Owen spends his time sitting alone in the courtyard of their apartment complex, and one evening, he meets the new girl, Abby, who just moved in next door. Over the next few weeks, (and believe me, it felt like a few weeks) Owen and Abby grow close despite her warnings that they can’t be friends. At the same time, we see why. Abby’s father, or at least the man we’re supposed to think is her father, spends his nights stalking, killing and draining his victims of their blood to feed Abby’s hunger.
The story itself actually has some fascinating undertones, with the lonely little girl vampire just looking for someone to connect with, and the disenchanted little boy suffering in his domestic Hell just looking for the same. The end is fairly predictable, especially after we discover the secret of her father, but its not inconsistent with the film. Unfortunately, the plot takes too long to develop, and the constant courtship-type scenes between Owen and Abby are an odd, uneven combination of cute and boring. It felt like I spent half of the film’s two-hour run time watching the pair just stare unemotionally at one another.
After about an hour, sixty minutes that contained about five minutes worth of action, I began to yawn uncontrollably, and to feel really grateful for the coffee. There was a very real chance that I would have fallen asleep, otherwise. Even the movie’s conclusion was somewhat boring, despite it being quite literally like a bloodbath.
At the end of the day, Let Me In isn’t a terrible movie, it’s just dull, and it does win some points for trying a different, more realistic take on what a vampire would go through in this day and age. The film is a remake of a Swedish film, Let the Right One In, and like too many other Americanized remakes of foreign films, you should probably stick to the original.
This one is worth a look on dvd somewhere down the line, but save the ten bucks for something better, like a pillow. It’ll make the nap this movie induces much more comfortable.
As I’ve mentioned, I’m humoring the kid in me who always wanted to be a sportswriter with this website called Bleacher Report. Well, yesterday, after hearing that Randy Moss was traded by the Patriots, I wrote up an opinion piece stating the Pats coach Bill Belichick was basically bagging this year to get on with the future. To cap it off, I gave it the headine “No Moss Growing Under Bill Belichick’s Feet”.
(If you don’t know football, then you probably have no idea who I’m talking about. But bear with me, I have a point in here that has nothing to do with sports.)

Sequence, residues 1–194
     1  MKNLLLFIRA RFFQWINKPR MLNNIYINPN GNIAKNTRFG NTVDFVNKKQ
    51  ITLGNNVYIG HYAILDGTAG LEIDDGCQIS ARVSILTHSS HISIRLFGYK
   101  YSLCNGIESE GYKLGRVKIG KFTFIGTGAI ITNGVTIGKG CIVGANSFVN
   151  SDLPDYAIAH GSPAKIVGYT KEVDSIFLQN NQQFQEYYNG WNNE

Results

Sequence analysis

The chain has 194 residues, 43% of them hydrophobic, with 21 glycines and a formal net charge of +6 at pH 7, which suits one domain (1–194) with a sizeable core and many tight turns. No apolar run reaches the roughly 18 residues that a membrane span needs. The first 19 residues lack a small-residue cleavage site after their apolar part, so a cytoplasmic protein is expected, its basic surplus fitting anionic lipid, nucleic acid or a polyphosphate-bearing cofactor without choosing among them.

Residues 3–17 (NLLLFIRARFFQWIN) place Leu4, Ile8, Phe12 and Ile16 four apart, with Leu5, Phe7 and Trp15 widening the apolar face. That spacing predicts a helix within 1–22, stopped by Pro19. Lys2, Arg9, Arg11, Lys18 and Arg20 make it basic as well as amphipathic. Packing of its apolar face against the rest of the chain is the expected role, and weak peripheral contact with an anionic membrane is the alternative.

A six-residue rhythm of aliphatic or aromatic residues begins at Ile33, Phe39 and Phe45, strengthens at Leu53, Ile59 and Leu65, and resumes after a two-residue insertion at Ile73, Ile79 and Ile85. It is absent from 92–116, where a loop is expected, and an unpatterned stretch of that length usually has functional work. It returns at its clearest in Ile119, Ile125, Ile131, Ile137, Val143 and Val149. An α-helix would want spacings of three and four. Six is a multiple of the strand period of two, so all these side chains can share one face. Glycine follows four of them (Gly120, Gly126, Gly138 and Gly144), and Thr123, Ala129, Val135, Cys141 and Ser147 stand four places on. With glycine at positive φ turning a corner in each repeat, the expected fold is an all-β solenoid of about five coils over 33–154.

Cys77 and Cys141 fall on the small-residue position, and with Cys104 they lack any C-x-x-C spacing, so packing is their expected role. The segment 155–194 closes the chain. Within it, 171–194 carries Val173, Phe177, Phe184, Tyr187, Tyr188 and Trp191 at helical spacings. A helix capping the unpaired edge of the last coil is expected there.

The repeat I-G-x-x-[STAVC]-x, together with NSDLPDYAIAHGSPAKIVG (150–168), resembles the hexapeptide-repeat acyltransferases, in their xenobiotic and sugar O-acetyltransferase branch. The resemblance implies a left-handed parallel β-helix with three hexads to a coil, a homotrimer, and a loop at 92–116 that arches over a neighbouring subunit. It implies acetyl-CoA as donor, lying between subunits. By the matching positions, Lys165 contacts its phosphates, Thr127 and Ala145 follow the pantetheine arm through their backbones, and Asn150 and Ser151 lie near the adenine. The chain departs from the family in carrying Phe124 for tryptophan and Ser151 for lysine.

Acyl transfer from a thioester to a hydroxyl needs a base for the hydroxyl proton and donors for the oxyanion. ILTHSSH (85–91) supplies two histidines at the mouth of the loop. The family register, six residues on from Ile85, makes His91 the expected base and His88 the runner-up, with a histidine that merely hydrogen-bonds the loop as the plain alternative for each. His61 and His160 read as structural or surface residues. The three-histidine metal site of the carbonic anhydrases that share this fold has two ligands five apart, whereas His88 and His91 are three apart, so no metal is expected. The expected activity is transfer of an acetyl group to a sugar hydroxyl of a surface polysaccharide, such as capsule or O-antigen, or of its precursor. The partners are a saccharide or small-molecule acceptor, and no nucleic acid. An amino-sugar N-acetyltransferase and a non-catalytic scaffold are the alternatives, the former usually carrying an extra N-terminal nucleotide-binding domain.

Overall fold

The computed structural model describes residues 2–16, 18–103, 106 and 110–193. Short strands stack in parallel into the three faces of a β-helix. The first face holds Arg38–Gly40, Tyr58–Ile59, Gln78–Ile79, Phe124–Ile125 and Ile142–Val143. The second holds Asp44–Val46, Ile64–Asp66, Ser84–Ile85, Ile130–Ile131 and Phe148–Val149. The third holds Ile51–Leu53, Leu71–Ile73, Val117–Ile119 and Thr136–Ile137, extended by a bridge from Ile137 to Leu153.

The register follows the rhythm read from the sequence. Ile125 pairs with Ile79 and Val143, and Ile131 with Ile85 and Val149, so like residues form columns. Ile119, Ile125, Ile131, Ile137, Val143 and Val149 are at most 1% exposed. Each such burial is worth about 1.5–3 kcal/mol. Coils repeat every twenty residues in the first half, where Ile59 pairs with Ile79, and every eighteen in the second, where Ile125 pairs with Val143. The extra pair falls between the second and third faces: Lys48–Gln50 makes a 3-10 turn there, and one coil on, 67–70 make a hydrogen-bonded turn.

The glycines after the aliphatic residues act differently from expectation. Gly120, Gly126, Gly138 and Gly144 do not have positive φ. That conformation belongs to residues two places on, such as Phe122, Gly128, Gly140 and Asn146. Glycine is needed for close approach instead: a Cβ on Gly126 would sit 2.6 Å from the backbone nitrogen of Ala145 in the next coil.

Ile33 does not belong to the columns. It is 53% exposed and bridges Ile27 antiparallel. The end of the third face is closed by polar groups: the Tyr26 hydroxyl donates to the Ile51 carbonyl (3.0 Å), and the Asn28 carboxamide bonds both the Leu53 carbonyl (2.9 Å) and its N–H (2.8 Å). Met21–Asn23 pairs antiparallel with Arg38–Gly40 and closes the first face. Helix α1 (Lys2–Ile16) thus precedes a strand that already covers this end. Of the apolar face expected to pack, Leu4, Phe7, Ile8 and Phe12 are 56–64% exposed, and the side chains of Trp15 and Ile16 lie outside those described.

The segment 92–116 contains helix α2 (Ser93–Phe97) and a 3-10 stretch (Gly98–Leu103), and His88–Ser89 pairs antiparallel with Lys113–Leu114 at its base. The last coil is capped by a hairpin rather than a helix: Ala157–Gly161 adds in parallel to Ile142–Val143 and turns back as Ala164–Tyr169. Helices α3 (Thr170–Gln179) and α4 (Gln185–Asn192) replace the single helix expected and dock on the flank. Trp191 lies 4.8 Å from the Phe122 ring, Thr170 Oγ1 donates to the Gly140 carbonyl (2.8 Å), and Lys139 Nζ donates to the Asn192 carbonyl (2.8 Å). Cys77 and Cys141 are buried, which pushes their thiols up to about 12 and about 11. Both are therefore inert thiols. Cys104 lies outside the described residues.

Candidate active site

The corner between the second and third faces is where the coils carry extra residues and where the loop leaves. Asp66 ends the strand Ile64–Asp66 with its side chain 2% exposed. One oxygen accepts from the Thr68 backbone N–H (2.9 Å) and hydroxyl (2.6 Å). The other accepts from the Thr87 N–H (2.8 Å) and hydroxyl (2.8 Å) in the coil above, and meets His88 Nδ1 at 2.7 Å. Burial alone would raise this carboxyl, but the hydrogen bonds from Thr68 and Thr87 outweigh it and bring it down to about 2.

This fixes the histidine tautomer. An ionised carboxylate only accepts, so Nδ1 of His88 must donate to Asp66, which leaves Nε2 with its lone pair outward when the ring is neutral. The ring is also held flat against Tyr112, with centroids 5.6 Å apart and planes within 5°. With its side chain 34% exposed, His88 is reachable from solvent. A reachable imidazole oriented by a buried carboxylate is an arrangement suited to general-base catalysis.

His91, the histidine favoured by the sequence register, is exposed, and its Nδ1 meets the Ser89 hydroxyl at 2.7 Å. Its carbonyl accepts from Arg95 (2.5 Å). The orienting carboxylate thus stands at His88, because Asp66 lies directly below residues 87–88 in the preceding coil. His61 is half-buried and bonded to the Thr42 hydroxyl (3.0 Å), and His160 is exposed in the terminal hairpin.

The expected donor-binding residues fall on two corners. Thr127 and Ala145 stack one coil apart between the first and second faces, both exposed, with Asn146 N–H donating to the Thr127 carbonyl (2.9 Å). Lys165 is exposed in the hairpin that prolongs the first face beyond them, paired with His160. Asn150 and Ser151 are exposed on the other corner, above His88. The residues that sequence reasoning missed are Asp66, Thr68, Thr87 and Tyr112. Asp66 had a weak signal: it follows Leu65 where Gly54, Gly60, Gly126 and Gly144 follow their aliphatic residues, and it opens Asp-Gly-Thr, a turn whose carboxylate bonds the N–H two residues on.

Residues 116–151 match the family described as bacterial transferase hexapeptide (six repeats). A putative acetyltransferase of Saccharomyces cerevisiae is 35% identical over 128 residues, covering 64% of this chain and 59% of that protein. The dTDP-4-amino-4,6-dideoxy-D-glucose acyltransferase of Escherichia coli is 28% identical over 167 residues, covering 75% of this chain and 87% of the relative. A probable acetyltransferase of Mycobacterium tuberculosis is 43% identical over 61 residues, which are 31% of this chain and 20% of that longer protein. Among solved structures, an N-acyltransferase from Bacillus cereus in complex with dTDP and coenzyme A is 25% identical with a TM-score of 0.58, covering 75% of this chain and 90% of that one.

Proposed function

I was proud of my modest little headline. It mentioned two of the principles by name in Moss and Belichick, and it was a both a play on Moss’ name and a metaphor for the direction New England was taking as a team. About as perfect as you can get for a throw-away opinion piece on a sports blogger website. If I do say so myself, it was also one of the most, if not the most, clever headline I saw on any of the Moss articles. Bleacher Report has an editor process for each submission. When I went later to look at my article, I noticed that the editor had slapped a three-word preface on my clever headline; “Randy Moss Trade:”.
Now let me say, I understand completely why this was done; three other little words- search engine optimization. But I still couldn’t help feel that this slight addition for visibility’s sake somehow lessened the original. Moss’ name, in particular, being mentioned prior to the pun took something away from its impact. Besides, the article was already tagged every which way, including the phrase “Randy Moss Trade”. Was it really necessary to sacrifice cleverness and presentation in this, or any other, case?
I say no. Never once have I penned a headline here for any other reason than to creatively present the piece I had written. Limiting interesting headlines for search engine optimization is a sacrifice I’m not willing to make, given the choice. Nor do I think any of us should have to. Why are we dumbing down the content we produce to accommodate the technology? Instead, we should be making search engines to better catalog and present that content, to suit the standards of the creators.
For an inherently visual and dynamic medium, the internet is still all-too-frequently about long blocks of words. Certainly, the possibilities for disseminating content are amazing and nearly without limit, but we are giving up some creativity and presentation value in the bargain. It doesn’t have to be that way. In fact, it shouldn’t be that way at all.
Over the course of the past year since I started blogging here, I would periodically mix some articles on sports into my stream of conciousness. Well, now I’ve decided to try my hand at it a little more regularly.
To that end, I’ve done a couple of things that will help. First, I created an entirely separate site just for sports related material. It’s called Killer Crossover, named in honor of my all-time favorite NBA player, Tim Hardaway, most famous for his years with Golden State and Miami. But the site won’t be just basketball, it will literally cross over from sport to sport as the mood strikes me. Right now, for instance, there’s my
preview of week 4 in the NFL, a conference by conference look at the upcoming NBA season, and next up is a look at October baseball.
The other thing I’ve done is sign up with a sports syndication website called Bleacher Report. If you like sports and haven’t seen it, you should definitely check it out. My articles will also appear on the BR site, but in a much fancier fashion. With that site, I’ll have access to an archive of images to spruce up my copy, and can create photo and video slideshows on topics of my choosing. It doesn’t pay (what does these days?) but that’s not really the immediate point. What I do get is a much larger audience and resources of potential material. Plus, I get to fake being a sportswriter. It’s awesome!
I’ll be setting up some rss feeds, and cross links between this site, the new site, Bleacher Report, Facbook, and likely various other places in the next few days. But until then, you can check out Killer Crossover by clicking here, and Bleacher Report here. Stay tuned for more.